Take a Breath

What is the first thing that you do after you are born? Breathe. Your lungs fill with oxygen. For the rest of your life, you have to breathe to live. Our bodies need oxygen to make our engine work.

When my children get upset or frustrated the first thing that I try to do is get them to breathe. I look at them on eye level and say, “Take a breath.” They know what that means. It means to breathe with daddy. Inhale through your nose as much air as you can, and then exhale through your mouth all that air. We do this three times together. In and out. After we are finished, I ask them to tell me what their dilemma is.

It is something so simple, so easy, and so natural that many of us forget that we are doing it. Breathing. We all have to breathe to live. The oxygen fills our lungs and helps our body to function. It increases blood flow through the body and especially to our minds. We remember the story better. We find details that we lost. We see the picture more clearly.

Breathing helps us to think better.

Yet this important step is sometimes lost in our efforts to think faster. We don’t take a moment to breathe before we act. Just being intentional about your breathing helps the information flow. It gives the brain much-needed oxygen and a moment to pause. When I am about to undertake something important the first thing I do is sit down in a chair and take a few moments to breathe. It clears my mind and opens up my creative space.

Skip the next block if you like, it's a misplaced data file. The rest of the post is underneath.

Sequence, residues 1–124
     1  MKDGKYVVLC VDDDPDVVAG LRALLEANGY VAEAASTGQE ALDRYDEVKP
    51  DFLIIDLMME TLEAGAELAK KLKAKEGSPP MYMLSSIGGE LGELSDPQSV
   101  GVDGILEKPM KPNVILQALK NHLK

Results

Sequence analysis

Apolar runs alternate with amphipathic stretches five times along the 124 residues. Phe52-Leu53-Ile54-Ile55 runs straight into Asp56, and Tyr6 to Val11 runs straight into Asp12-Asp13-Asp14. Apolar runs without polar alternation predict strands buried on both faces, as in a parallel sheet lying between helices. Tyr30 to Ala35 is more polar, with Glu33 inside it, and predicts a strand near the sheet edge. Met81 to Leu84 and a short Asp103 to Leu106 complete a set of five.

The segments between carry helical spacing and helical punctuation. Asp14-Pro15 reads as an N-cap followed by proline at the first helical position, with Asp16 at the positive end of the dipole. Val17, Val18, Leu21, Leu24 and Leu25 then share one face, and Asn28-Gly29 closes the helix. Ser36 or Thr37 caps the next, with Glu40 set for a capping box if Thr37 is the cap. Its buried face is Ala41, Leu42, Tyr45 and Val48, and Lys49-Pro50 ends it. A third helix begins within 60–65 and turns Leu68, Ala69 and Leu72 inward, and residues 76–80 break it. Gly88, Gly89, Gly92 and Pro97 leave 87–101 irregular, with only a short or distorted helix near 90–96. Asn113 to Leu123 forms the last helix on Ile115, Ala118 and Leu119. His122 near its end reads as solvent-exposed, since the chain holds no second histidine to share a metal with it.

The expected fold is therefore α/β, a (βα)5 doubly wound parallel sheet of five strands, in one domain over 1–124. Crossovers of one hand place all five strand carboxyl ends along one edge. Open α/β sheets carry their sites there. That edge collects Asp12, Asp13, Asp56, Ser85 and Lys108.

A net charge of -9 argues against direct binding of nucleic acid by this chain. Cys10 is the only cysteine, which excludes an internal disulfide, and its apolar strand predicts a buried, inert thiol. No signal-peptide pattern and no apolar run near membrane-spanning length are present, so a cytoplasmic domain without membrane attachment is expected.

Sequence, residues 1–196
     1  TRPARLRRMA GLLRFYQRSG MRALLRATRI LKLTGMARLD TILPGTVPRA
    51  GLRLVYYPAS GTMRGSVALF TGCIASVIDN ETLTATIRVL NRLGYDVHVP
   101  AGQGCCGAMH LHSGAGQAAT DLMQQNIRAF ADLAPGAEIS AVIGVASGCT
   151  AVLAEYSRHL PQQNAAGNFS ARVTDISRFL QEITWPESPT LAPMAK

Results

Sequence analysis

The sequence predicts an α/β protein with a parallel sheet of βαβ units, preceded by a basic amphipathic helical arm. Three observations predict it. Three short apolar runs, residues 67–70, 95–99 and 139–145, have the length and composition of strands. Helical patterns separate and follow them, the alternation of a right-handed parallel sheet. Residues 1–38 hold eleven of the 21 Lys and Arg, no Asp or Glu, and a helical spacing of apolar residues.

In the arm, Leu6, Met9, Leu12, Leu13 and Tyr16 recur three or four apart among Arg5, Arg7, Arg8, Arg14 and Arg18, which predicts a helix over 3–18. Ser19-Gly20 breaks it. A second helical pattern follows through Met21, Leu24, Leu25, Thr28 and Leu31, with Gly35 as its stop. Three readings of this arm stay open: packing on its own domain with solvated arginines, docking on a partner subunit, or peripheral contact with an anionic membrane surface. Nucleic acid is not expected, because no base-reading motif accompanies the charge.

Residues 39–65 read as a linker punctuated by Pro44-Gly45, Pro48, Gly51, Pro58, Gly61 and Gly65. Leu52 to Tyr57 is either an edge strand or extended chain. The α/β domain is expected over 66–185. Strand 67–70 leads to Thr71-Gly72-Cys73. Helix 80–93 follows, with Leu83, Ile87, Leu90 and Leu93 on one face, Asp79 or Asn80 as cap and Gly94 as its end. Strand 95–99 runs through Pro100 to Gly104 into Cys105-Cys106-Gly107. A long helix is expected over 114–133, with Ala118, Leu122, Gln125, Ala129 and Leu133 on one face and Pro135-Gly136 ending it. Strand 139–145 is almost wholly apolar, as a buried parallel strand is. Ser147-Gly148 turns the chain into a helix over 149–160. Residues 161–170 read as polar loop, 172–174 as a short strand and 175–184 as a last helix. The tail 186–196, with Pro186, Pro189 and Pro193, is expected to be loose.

Breathing helps us to feel better.

I was hiking up the side of a mountain and I noticed that I started feeling nauseous. My chest was a little tight. I sat down on a rock, drank some water, and took three deep measured breaths. My head cleared. My stomach felt better. My lungs were full again. I had to pause on the journey to breathe before I could continue on. After I made it up the rest of the way, I turned and looked back at that spot where I paused. It was about halfway up. Without taking a moment to breathe, I wouldn’t have finished the climb.

Breathing helps us to live better. 

One summer I took lessons in kettlebell strength training. For the first four lessons, we didn’t even touch a kettlebell. I was starting to get anxious. Why am I paying for kettlebell training when we don’t actually use the kettlebells? Instead, we learned intentional body movements set to breathing. We learned when to inhale and when to exhale. Session after session we worked on breathing and movement. Finally, the instructor got out the kettlebells. Only then did I realize that he wanted us to have the right breathing and the right movement before adding weight. It was the movement and the breathing that made the kettlebell movements more powerful and more effective. Breathing makes everything you do better. Ask a competitive shooter and they will talk to you about breath control. Ask a swimmer and they will tell you about breathing exercises.


Want to try something to help you lead more mindfully? Before you make your next big decision take three intentional breaths. Slowly inhale and slowly exhale. Three times. Try this with your next few decisions.

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